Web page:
Are You Trusting The Wrong Numbers?


(By Bob McCurdy) To maximize revenue in 2017 and beyond we need to expertly mesh digital with on-air.  Digital is as necessary as fruits and vegetables are to a balanced diet, but every so often some additional “traditional” protein is needed to bring back balance.

We’ve all run into situations where a client’s media allocation begins to drift away from traditional.  When this occurs, it’s imperative that we work with our clients to restore channel symmetry, which means we must revisit and reframe the media mix conversation.

John Ounpuu, co-founder of digital agency Modern Craft, addressed some of the reasons for digital asymmetry recently in an article titled “Our Risky Obsession with New and Shiny Tech,” writing, “I believe many modern marketers are increasingly plagued by a nagging fear of missing out and losing relevance.  I call it ‘marketing FOMO.’ It’s a powerful driver—re-enforced by a daily avalanche of hype about new trends and tech.  Many of us are also tempted by the lure of the easy win—the quest for a silver bullet.  Others long to absorb the sex appeal of the tech world by osmosis.  Still others are simply looking to win attention by being the first to try something new.”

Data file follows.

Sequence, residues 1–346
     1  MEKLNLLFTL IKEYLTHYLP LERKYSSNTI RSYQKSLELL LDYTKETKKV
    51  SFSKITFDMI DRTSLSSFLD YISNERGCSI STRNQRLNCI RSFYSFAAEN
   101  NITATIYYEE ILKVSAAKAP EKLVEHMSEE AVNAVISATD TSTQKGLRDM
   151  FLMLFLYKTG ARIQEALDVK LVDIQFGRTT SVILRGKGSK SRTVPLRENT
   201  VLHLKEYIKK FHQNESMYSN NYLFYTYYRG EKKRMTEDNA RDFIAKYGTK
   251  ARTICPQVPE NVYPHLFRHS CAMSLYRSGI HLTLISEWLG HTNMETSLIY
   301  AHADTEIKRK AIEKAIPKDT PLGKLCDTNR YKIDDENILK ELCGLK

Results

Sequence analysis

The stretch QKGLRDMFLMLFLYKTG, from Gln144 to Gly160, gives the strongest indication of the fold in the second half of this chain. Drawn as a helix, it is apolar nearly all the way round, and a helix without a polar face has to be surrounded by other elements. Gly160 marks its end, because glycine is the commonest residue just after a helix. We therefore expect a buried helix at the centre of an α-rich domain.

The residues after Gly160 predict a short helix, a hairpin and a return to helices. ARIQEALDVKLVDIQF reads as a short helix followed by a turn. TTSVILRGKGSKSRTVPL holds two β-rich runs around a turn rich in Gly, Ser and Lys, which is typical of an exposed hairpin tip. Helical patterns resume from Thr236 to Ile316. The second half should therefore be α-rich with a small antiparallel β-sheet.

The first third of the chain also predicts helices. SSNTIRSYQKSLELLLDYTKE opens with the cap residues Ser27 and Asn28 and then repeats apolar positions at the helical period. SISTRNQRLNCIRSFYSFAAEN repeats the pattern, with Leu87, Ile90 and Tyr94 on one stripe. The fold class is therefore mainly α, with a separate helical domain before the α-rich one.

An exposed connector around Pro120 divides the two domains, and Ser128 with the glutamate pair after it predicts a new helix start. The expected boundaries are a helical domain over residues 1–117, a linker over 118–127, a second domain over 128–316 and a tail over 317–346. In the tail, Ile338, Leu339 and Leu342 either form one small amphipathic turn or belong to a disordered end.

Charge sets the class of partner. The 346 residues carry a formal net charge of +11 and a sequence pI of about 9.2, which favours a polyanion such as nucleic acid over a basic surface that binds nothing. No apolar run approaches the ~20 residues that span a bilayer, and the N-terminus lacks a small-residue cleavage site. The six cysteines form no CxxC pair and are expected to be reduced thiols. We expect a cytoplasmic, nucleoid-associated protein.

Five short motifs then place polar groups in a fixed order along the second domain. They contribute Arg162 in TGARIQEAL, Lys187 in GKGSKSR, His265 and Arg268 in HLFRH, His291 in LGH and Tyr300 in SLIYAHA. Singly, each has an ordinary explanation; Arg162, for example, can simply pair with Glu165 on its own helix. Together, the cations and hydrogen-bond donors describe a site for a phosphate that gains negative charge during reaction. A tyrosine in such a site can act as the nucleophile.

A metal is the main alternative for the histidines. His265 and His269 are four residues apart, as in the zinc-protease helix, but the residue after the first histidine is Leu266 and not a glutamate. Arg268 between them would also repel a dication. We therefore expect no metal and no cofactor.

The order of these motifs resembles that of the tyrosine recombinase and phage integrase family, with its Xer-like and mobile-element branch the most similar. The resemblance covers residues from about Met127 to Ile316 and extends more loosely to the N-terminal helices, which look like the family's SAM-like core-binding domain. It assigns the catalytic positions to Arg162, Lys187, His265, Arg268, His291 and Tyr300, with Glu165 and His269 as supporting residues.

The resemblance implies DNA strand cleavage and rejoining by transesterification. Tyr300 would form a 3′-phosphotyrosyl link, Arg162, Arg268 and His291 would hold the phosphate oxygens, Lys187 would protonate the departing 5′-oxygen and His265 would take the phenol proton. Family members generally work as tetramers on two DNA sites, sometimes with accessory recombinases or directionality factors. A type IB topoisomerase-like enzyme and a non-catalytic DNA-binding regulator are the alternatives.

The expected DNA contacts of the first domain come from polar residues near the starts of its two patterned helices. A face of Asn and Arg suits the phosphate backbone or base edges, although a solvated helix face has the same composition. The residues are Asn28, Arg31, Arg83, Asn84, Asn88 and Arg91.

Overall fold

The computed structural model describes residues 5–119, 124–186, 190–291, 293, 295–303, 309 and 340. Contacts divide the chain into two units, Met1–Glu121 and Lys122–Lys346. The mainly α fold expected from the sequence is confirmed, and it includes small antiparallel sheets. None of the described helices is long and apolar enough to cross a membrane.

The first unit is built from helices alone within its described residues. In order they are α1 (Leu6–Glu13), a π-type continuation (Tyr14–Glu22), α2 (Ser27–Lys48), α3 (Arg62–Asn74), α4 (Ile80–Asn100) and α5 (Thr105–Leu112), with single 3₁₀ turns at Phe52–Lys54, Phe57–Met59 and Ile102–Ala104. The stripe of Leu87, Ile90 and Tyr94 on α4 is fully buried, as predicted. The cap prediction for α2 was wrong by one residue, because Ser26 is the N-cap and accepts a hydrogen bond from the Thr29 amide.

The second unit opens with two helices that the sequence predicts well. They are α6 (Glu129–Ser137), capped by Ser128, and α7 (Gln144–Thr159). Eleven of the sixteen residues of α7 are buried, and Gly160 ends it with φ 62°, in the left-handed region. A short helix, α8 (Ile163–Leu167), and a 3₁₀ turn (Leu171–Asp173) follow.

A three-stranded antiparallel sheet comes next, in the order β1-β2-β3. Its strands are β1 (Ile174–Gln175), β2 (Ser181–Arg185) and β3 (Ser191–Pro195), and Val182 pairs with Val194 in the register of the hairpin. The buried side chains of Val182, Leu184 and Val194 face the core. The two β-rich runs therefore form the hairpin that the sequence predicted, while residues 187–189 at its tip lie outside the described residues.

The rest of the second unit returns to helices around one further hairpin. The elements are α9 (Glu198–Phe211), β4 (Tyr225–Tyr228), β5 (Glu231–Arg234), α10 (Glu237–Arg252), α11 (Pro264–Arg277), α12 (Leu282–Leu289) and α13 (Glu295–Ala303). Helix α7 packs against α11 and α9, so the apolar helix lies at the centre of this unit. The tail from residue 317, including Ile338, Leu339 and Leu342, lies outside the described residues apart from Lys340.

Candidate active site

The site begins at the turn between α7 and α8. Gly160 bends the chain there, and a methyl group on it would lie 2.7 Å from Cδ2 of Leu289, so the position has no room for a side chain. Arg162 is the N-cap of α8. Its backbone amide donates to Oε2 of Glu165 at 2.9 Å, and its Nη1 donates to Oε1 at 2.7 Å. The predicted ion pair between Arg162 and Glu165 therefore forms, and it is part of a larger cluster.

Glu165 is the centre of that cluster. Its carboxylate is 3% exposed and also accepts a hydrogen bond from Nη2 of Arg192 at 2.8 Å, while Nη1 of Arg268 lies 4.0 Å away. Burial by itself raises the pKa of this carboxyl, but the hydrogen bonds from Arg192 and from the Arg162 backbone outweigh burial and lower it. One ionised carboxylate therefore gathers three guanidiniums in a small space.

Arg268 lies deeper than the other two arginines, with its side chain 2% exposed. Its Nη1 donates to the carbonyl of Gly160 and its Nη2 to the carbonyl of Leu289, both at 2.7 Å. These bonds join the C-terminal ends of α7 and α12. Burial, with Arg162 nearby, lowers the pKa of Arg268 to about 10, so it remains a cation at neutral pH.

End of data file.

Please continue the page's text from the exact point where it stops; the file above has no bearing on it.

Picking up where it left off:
Mr.  Ounpuu is extremely perceptive.  Embracing the latest digital media channel often leads to industry panels, trade coverage, and even promotion.  It’s this FOMO mindset that makes it incumbent upon us to be familiar with digital’s yin and yang.  It’s difficult to escape digital’s daily positive “yang,” what follows are some of its digital video and banner “yin.”

Facebook’s VP of Measurement and Insights, Brad Smallwood, wrote in the June 2016 issue of the Journal of Advertising Research, “Marketers have focused on measuring what they could.  Sometimes that measurement has come in lieu or at the expense of what should have been measured.  The lure of the measurable and traceable ‘shiny’ metrics, such as social media users’ ‘likes,’ ‘shares,’ message posts and ‘clicks,’ has led marketers to endless, often beautifully crafted, intricate reports on the irrelevant.  We continue to tell you how many ‘clicks’ your video has generated, even though we have proven that clicks bear no correlation to sales.”

Ad tech firm InSkin Media utilized eye-tracking measurement, concluding that online ads need to be on the screen for 14 seconds to have any chance of being viewed.  This in spite of the MRC defining a visible video unit as having 50% of its pixels in sight for only 2 seconds.

GroupM’s definition of a viewable ad differs greatly from above as they define it as 100% of pixels exposed for at least half of a message’s duration.   In Q1 2016, only 33% of Facebook video ads bought by GroupM qualified as “viewable” per the MRC’s definition but by GroupM’s definition the figure was only 2%.  Forty-six percent of Twitter’s inventory qualified as “viewable” per the MRC’s definition, but only 0.3% per GroupM’s definition.